PLOT is a new public art quadrennial, produced and presented by Creative Time. This World & Nearer Ones is the first edition of PLOT, and will be held this summer on Governors Island. 19 artworks by international contemporary artists will be presented. The exhibition is free and open to the public Friday-Sunday.
Featuring work by Edgar Arceneaux, AA Bronson and Peter Hobbs, The Bruce High Quality Foundation, Adam Chodzko, Tue Greenfort, Jill Magid, Teresa Margolles, Anthony McCall, Nils Norman, Susan Philipsz, Patti Smith and Jesse Smith, Tercerunquinto, Tris Vonna-Michell, Mark Wallinger, Klaus Weber, Lawrence Weiner, Judi Werthein, Guido van der Werve, and Krzysztof Wodiczko. Curated by Mark Beasley, with the support of Curatorial Assistant Shane Brennan.
"It could be stated that many of the works of This World & Nearer Ones seem enveloped in a pall of darkness, to be read either as a persistence of the irrational and the obscure or a reflection of the spirit of the age. It was the Impressionists that chose to employ dark mirrors, in order to refresh their eyes and see color anew; to stare into dark glass before turning back again to the world. This, then, is the exhibition as dark mirror. It seeks, through materially slight and ephemeral means, to present works that eschew the spectacular and absolute and, employing more than a little dark humour, invite open speculation. Avoiding easy succour—there is no vividly coloured, lime green, depression-era glass by which to forget oneself—the artists present a world in which certainty and the future are in question. For certainty without critical thought has been the crowning tragedy of the age. What we are being asked to consider is the sureness of our beliefs, from the invocation of spirits both scientific and ritually summoned; fictional architecture and neo-liberal urban planning; the ghosts of counterculture and culturally-sanctioned agit-prop to the spoken testimony of army veterans and science fiction narratives. It, as with the island, is in a state of becoming, caught between worlds and open to all, a moment to consider without fixity the times in which we live."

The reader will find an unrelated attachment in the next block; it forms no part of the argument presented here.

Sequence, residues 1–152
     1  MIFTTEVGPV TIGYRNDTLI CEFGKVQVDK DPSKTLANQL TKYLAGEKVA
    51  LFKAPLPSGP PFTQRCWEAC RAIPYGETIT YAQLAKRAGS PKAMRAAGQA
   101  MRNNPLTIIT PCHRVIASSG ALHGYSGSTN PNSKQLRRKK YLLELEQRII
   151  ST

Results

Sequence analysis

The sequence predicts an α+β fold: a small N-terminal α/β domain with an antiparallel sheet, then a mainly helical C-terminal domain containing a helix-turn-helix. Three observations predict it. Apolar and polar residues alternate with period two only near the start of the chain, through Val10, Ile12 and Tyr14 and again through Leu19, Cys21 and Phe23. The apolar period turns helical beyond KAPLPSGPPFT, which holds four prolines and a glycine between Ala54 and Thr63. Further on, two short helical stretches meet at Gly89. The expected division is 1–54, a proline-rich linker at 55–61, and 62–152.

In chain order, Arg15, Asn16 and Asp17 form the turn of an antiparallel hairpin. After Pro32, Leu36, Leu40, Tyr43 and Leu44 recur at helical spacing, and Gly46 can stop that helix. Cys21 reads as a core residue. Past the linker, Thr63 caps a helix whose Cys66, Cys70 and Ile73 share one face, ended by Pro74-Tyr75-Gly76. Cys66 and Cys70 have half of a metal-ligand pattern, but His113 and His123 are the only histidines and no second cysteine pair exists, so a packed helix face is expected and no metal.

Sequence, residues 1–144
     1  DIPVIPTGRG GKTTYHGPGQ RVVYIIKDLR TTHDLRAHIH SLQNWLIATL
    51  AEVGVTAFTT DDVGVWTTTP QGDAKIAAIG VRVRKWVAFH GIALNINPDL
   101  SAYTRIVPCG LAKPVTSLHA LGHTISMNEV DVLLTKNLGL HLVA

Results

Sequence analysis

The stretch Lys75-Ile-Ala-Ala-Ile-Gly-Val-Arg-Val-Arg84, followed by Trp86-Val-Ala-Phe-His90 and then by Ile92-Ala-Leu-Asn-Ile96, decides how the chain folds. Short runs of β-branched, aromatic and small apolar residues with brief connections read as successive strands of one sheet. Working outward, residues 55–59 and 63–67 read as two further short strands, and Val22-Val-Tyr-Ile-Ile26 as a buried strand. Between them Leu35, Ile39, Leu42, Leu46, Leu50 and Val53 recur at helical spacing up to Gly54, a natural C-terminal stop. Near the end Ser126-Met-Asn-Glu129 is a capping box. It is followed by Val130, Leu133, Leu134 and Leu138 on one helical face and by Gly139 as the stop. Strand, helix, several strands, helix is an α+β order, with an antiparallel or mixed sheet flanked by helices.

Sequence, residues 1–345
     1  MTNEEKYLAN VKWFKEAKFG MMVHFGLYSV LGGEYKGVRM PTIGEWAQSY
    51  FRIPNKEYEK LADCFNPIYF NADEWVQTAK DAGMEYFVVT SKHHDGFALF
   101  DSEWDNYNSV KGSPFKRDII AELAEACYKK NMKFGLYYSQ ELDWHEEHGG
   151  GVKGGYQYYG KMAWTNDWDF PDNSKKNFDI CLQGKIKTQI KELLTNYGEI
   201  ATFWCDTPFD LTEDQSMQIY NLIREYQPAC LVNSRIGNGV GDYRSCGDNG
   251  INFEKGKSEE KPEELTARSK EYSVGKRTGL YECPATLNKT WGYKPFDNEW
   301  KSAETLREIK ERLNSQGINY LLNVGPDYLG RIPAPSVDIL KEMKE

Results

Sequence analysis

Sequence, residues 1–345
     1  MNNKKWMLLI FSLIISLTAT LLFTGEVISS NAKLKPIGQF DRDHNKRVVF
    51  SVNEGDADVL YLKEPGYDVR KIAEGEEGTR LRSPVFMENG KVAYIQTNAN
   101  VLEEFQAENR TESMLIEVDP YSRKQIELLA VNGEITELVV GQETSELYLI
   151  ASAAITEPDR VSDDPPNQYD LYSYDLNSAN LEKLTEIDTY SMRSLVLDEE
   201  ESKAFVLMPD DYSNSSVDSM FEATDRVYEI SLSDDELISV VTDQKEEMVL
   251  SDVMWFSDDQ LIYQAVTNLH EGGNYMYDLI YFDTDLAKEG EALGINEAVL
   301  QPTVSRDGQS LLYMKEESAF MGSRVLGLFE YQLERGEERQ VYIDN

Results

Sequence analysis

Mark Beasley, May, 2009